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Comparative and Functional Genomics
Volume 4 (2003), Issue 1, Pages 56-65
Conference Paper

Pressures in Archaeal Protein Coding Genes: A Comparative Study

1Department of Theoretical Physics, Indian Association for the Cultivation of Science, Jadavpur, Calcutta 700 032, India
2Atlanta VA Medical Center and Emory University School of Medicine, 1670 Clairmont Road (111B), Decatur 30033, GA, USA

Received 13 September 2002; Accepted 25 November 2002

Copyright © 2003 Hindawi Publishing Corporation. This is an open access article distributed under the Creative Commons Attribution License, which permits unrestricted use, distribution, and reproduction in any medium, provided the original work is properly cited.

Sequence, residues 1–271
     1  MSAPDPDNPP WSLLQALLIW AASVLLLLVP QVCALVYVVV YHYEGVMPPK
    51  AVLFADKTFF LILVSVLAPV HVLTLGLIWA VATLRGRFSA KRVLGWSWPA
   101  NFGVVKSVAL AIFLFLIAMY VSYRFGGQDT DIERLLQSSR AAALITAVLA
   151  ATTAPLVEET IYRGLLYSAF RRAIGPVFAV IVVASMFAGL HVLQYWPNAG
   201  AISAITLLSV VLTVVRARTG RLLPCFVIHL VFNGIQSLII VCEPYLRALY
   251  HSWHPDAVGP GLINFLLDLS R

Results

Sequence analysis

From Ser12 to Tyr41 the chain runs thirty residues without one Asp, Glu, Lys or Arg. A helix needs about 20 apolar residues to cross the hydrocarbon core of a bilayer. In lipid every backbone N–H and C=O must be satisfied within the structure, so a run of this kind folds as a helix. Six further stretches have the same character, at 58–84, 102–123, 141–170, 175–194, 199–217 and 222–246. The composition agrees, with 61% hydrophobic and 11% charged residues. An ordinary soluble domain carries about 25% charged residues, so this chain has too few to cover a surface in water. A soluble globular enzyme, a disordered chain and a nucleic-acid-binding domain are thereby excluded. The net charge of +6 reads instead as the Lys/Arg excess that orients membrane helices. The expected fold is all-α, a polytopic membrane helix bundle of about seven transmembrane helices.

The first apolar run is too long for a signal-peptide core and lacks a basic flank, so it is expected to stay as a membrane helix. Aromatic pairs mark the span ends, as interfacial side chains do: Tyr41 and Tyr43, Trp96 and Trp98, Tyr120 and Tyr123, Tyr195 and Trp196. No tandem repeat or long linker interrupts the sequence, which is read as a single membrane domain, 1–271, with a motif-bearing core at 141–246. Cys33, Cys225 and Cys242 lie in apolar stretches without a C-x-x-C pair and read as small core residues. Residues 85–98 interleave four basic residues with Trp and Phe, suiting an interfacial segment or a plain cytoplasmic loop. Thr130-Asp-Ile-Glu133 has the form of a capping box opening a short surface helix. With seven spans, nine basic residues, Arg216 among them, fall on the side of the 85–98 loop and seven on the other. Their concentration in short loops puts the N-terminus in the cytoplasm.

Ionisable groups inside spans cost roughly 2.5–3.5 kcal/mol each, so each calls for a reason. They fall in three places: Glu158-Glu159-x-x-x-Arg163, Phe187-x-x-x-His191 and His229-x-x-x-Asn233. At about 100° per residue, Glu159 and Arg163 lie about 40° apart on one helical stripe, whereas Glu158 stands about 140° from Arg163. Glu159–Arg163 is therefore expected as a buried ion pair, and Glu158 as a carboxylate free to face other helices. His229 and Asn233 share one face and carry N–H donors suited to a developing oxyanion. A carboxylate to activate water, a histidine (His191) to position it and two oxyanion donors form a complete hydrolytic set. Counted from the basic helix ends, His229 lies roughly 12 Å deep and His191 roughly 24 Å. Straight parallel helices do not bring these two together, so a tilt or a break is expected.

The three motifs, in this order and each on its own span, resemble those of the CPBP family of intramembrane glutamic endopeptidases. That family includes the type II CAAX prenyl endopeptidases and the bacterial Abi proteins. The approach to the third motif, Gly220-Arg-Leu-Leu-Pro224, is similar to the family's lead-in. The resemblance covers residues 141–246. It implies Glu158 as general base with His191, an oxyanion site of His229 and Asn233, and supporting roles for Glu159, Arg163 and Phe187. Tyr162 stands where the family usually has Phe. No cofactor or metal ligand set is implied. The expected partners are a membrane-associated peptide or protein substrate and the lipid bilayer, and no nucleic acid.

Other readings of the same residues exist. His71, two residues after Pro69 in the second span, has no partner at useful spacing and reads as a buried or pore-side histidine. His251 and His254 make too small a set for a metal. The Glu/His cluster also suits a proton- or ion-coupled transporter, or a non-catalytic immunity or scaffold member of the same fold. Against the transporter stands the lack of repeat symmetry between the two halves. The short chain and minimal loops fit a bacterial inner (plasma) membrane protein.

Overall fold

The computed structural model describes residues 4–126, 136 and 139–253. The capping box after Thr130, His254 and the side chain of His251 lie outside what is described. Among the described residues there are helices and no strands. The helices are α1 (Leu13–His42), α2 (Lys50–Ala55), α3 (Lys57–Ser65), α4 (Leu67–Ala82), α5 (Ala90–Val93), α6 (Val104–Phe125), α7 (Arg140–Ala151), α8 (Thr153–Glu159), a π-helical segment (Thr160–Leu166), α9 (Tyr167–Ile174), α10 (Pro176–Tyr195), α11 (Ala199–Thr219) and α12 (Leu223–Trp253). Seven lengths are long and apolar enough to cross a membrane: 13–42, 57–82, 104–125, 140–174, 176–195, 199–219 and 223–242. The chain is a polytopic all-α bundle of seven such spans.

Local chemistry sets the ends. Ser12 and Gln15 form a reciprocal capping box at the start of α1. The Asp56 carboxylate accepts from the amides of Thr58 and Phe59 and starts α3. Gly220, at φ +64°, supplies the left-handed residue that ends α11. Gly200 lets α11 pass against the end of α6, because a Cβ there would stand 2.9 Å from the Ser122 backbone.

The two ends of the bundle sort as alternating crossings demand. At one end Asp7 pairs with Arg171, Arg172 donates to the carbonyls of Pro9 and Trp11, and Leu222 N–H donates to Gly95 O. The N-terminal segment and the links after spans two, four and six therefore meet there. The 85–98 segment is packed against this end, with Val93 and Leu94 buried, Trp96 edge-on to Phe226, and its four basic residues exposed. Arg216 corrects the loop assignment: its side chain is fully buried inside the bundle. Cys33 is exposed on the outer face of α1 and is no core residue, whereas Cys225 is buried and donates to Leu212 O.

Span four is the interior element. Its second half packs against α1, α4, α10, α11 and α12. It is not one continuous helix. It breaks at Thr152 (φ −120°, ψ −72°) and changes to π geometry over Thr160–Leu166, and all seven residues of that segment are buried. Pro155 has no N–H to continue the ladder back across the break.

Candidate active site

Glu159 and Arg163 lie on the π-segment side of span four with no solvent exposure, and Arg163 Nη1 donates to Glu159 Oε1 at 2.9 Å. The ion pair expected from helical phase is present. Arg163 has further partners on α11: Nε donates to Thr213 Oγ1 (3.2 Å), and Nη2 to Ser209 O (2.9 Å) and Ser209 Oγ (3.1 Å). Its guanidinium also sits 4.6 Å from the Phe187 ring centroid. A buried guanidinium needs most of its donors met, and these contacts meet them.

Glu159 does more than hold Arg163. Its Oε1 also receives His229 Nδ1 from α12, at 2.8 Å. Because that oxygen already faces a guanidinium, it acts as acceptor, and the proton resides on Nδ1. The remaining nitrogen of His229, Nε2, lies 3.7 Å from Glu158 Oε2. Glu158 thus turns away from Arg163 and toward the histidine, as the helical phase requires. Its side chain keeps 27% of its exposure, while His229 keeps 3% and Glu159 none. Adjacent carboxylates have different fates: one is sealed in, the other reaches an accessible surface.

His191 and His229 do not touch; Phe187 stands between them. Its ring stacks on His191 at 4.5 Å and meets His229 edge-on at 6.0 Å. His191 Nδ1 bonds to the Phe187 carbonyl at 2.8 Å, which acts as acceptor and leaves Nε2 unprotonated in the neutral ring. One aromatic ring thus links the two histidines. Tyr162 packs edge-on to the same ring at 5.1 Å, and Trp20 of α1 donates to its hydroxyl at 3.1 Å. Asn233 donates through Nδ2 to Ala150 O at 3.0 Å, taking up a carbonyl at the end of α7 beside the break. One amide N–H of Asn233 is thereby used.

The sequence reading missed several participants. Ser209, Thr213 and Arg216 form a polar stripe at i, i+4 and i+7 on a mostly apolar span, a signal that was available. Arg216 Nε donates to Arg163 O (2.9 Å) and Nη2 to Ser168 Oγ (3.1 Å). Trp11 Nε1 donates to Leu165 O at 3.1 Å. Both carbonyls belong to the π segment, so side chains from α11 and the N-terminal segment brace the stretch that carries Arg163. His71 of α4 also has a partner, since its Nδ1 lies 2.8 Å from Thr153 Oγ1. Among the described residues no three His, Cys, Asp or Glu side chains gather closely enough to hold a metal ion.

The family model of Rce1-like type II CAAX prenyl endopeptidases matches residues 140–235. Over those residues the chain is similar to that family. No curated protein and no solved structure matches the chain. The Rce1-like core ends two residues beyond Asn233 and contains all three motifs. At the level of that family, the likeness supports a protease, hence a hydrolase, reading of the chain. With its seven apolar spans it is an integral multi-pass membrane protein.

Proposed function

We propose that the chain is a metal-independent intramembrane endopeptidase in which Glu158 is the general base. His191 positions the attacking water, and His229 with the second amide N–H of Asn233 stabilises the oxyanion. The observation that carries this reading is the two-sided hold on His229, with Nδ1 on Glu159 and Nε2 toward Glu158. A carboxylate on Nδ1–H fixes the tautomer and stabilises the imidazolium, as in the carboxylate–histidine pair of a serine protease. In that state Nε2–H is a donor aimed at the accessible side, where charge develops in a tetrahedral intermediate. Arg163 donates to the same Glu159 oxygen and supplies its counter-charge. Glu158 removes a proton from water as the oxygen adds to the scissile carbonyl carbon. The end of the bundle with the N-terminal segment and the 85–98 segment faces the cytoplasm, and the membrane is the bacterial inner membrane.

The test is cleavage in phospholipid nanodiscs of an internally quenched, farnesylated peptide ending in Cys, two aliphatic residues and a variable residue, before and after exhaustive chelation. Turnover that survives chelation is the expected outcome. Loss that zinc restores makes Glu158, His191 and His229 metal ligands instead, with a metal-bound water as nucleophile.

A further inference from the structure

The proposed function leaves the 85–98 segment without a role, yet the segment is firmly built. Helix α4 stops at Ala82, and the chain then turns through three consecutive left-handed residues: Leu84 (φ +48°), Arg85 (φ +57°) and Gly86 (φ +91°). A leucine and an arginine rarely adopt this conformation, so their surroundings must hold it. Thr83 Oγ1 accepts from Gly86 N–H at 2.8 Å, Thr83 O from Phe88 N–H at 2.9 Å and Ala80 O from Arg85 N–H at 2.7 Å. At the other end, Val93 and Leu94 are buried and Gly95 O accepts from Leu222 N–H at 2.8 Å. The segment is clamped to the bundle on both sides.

Our studies on the bases of codons from 11 completely sequenced archaeal genomes show that, as we move from GC-rich to AT-rich protein-coding gene-containing species, the differences between G and C and between A and T, the purine load (AG content), and also the overall persistence (i.e. the tendency of a base to be followed by the same base) within codons, all increase almost simultaneously, although the extent of increase is different over the three positions within codons. These findings suggest that the deviations from the second parity rule (through the increasing differences between complementary base contents) and the increasing purine load hinder the chance of formation of the intra-strand Watson–Crick base-paired secondary structures in mRNAs (synonymous with the protein-coding genes we dealt with), thereby increasing the translational efficiency. We hypothesize that the ATrich protein-coding gene-containing archaeal species might have better translational efficiency than their GC-rich counterparts.